Ford Death Watch 45: Last Man Standing Pt. 2

Michael Martineck
by Michael Martineck
ford death watch 45 last man standing pt 2

I recently bought a dishwasher. Investor Kirk Kerkorian (a.k.a. “The Lion of Las Vegas”) bought 20m shares of Ford Motor Company. As a percentage of net worth, we each spent comparative amounts. But I’m pretty sure I got the better deal. I’m positive I’m going to have guacamole-free dinnerware for the next five years. Capt. Kirk can’t make anywhere near as bold a statement about the longer-term value of his Ford shares. Or can he?

In May, billionaire Kirk Kerkorian’s Tracinda Corp. tendered an offer to purchase Ford stock at $8.50 per share, back when the American automaker’s stock price hovering around $6.12. Investors offered 1.02 billion of the outstanding 2.24 billion shares. Tracinda increased its stake in FoMoCo from 4.7 to 5.5 percent. This week, Kirk's mob upped their share of FoMoCo to 148m shares, or 6.49 percent of Ford's public stock.

The deal is glass-like, as in half empty or half full. The fact that the nation’s seventh richest man is willing to overpay for Ford paper by 34 percent is a glowing vote of confidence in the company. Tracinda believes Ford will transcend its troubles.

Conversely, owners holding almost half the company’s value wanted to dump and scatter like the cops just showed up. These people didn’t think Ford stock would reach even $8.60 any time soon. And why would they? Ten years ago, the stock traded in the 60s. Exactly whose view is more valid is a matter of perspective. Do you put more credence in the opinion of a couple thousand people or one 91-year-old guy?

It helps to know more about Kirk. An accomplished pilot, Kerkorian made his early money delivering Canadian planes to England using the fastest, most profitable and life-risking route. After WWII, he turned surplus bombers into an enormously successful charter airline. Its core service was Los Angles to Los Vegas. Sin City is where Kerkorian made his banked billions, buying and selling casinos and hotels.

Kerkorian’s interest in America’s automotive world is a familiar story. In 1995, he ambled over to a house of straw. Chrysler fended off the hostile takeover. In 2006, it was the RenCen’s house of wood. Kirk blew into the boardroom with 9.9 percent of GM’s stock, but accomplished nothing. He unloaded it all and huffed away. Departing from the traditional tale, Kerkorian went back to Chrysler in 2007, as Daimler sought to shed the company. He was outbid by Cerberus Capital Management. A year later and he’s standing outside Ford’s house of glass.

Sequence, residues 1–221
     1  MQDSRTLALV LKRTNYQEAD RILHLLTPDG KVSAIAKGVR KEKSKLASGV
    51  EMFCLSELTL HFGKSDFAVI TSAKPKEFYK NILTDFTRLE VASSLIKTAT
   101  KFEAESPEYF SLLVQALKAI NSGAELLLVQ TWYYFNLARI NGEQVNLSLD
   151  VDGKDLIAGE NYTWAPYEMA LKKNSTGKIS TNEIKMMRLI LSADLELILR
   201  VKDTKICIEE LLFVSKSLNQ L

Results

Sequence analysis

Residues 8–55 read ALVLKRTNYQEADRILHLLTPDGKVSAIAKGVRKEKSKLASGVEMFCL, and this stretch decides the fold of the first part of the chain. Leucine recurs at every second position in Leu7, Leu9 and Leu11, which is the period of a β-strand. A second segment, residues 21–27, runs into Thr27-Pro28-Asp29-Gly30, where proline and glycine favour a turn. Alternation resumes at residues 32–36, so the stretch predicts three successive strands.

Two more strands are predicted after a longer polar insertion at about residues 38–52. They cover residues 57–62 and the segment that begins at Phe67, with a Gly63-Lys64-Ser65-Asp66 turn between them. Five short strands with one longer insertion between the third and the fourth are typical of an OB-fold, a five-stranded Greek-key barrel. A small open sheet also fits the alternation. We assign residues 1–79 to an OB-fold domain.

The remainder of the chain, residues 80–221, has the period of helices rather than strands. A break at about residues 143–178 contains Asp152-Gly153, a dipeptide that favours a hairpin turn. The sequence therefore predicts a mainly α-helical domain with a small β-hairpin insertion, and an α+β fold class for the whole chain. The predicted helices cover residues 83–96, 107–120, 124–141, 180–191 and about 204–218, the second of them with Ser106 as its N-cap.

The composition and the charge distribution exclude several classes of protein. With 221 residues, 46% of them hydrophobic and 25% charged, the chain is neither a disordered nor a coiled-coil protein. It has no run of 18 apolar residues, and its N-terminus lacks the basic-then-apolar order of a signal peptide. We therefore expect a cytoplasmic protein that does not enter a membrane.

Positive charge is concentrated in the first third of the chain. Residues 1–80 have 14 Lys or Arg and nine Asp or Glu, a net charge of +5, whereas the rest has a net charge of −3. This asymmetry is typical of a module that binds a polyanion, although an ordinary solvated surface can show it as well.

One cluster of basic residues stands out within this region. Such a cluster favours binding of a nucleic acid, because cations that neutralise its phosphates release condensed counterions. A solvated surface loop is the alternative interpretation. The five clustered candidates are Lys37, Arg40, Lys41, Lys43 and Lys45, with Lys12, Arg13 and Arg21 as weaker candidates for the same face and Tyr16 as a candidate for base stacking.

So what, precisely, does Tracinda want out of its Ford position? Seven percent of a company is certainly a good chunk, but it’s far from controlling interest. The Ford family retains 40 percent control, no matter who else owns what. Sure, you get influence, but you are not in charge. Even if, according to regulatory filings, Kirk's willing to offer an an "infusion of additional capital."

Perhaps Ford is a good buy. There are angles from which to view Ford stock whereby it’s doesn’t look so limp. Cash and equivalents divide out to more than $11 per share. Property is worth about $16 per share. Eight dollars and fifty cents ain’t bad if you’re going to carve this pig up. Not that slicing and serving are in Ford’s future. The family has become quite attached. Besides, if GM or Chrysler go down, they’ll be other meat on the table.

If Tracinda were simply taking a position in an undervalued stock, why go whole hog for this one? As of June Standard & Poors put FoMoCo in the bottom 40 of their 500 index. Ford’s off 28.9 percent for the year. Soaring gas prices are shifting U.S. consumers' tastes faster than any company can re-tool. Ford is running far bellow capacity at eight of its 15 North American plants.

On the positive side, Ford is probably better positioned than Chrysler or GM to survive the near future. At the very least, they have some fuel-efficient cars to market, with another on the way. The other two American automakers have sucking chest wounds where their trucks and SUVs used to be. Still, that is an odd way to buy stock: wait to see if two major competitors kick it.

Kerkorian is euphemistically referred to as an “activist stockholder.” During his 18 months as a major GM player, he tried to force a deal with Renault/Nissan. When the board wouldn’t play his game, he sold his ball and left. Again, despite the back room meetings with Big Al and attendant ass-kissing, Kirk can’t realistically expect more power at Ford until the company is so far gone it's probably not worth it.